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Hundreds gather on First Street in protest over administration's spending

Alysia Heidecker, from right, and Margaret and Ross Erickson, all of Willmar, hold up a banner during a demonstration Wednesday at Tiffany Square Plaza in Willmar. Tribune photo by Ron Adams

WILLMAR -- Roger Odegaard from Alexandria said he wanted to "bring the government's attention to the fact that we're putting too much debt on our children and grandchildren.''

Susan Adams of Kandiyohi said she wanted to make her voice heard.

"We wanted to be able to do something about the crazy spending that's going on. We don't agree with it. We don't think it's the right thing to do.''

Both were among hundreds of people carrying American flags and homemade signs protesting government spending during Wednesday night's "Taxed Enough Already'' -- or Tea Party -- event held in front of Tiffany Square on South First Street in Willmar.

The event was one of 14 held in Minnesota cities and nearly 600 nationwide on the day when state and federal income taxes are due.

Rollie Nissen, co-chair of the Kandiyohi County Republican Party, said the crowd was estimated at 350, ranging from children to senior citizens.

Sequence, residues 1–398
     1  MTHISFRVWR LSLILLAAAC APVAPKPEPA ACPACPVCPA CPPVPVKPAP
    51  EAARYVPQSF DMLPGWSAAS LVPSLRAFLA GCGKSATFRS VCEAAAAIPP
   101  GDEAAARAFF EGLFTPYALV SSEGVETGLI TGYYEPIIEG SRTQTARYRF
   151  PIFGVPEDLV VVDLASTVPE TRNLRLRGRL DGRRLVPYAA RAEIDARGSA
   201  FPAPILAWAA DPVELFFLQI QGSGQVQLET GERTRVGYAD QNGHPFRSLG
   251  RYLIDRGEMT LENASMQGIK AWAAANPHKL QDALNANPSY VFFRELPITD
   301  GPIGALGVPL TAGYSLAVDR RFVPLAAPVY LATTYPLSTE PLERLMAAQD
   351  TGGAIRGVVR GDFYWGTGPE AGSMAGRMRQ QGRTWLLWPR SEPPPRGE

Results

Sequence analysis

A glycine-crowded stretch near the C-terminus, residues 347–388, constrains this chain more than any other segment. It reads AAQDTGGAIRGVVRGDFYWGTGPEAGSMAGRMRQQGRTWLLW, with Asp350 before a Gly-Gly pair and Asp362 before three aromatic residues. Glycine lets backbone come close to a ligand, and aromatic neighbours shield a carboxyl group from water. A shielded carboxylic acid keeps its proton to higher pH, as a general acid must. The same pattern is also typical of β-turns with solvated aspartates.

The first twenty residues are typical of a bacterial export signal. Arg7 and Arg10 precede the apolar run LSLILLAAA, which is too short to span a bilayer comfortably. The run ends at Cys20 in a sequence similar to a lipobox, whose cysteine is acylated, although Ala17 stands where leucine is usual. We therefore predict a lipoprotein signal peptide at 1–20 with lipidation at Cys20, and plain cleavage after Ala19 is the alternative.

About 50 people stood on the west side of First Street, but most lined the sidewalk in front of Tiffany Square.

Nissen said he received permission from the Tiffany owner and renters to hold the rally at that location. Some protesters wore yellow buttons with Tea Party 2009 in black lettering. The buttons, provided by a couple of local people, were quickly sold and the proceeds will cover the costs of flyers.

Nissen said he had commitments from 150 people but more attended that he had not heard from. There were cheers from the crowd when motorists in cars, pickup trucks and motorcycles honked and waved.

There were no speakers and no politicians were invited. The event was billed nationwide as non-partisan. Nissen said people from the Republican Party, the Democratic Party "and a whole lot of independents'' attended.

"We were looking for people who want to see some change in government. We want to see more openness, transparency, consolidation and looking at different ways to budget so that we can hold the line on taxes,'' said Nissen.

"There are probably a lot more Independents here. There are a lot people that are not all that happy with the Republican Party or the Democratic Party. They think they're both the same,'' he said.

"Some of our politicians have contributed to that, unfortunately. It's not very comforting for a head of the local Republican Party to know that two of the top five 'pork producers' in the country are Republicans from Mississippi and Alabama.''

Nissan said most of the people he knows are conservative fiscally, "and I don't care whether they're Democrat or Republican. When they're talking about their own finances, they know that when they don't have income, they can't spend as much. That's just a Minnesota rural value. Unfortunately our Congress and our president who's proposed a $3.6 trillion budget -- that's unheard of.''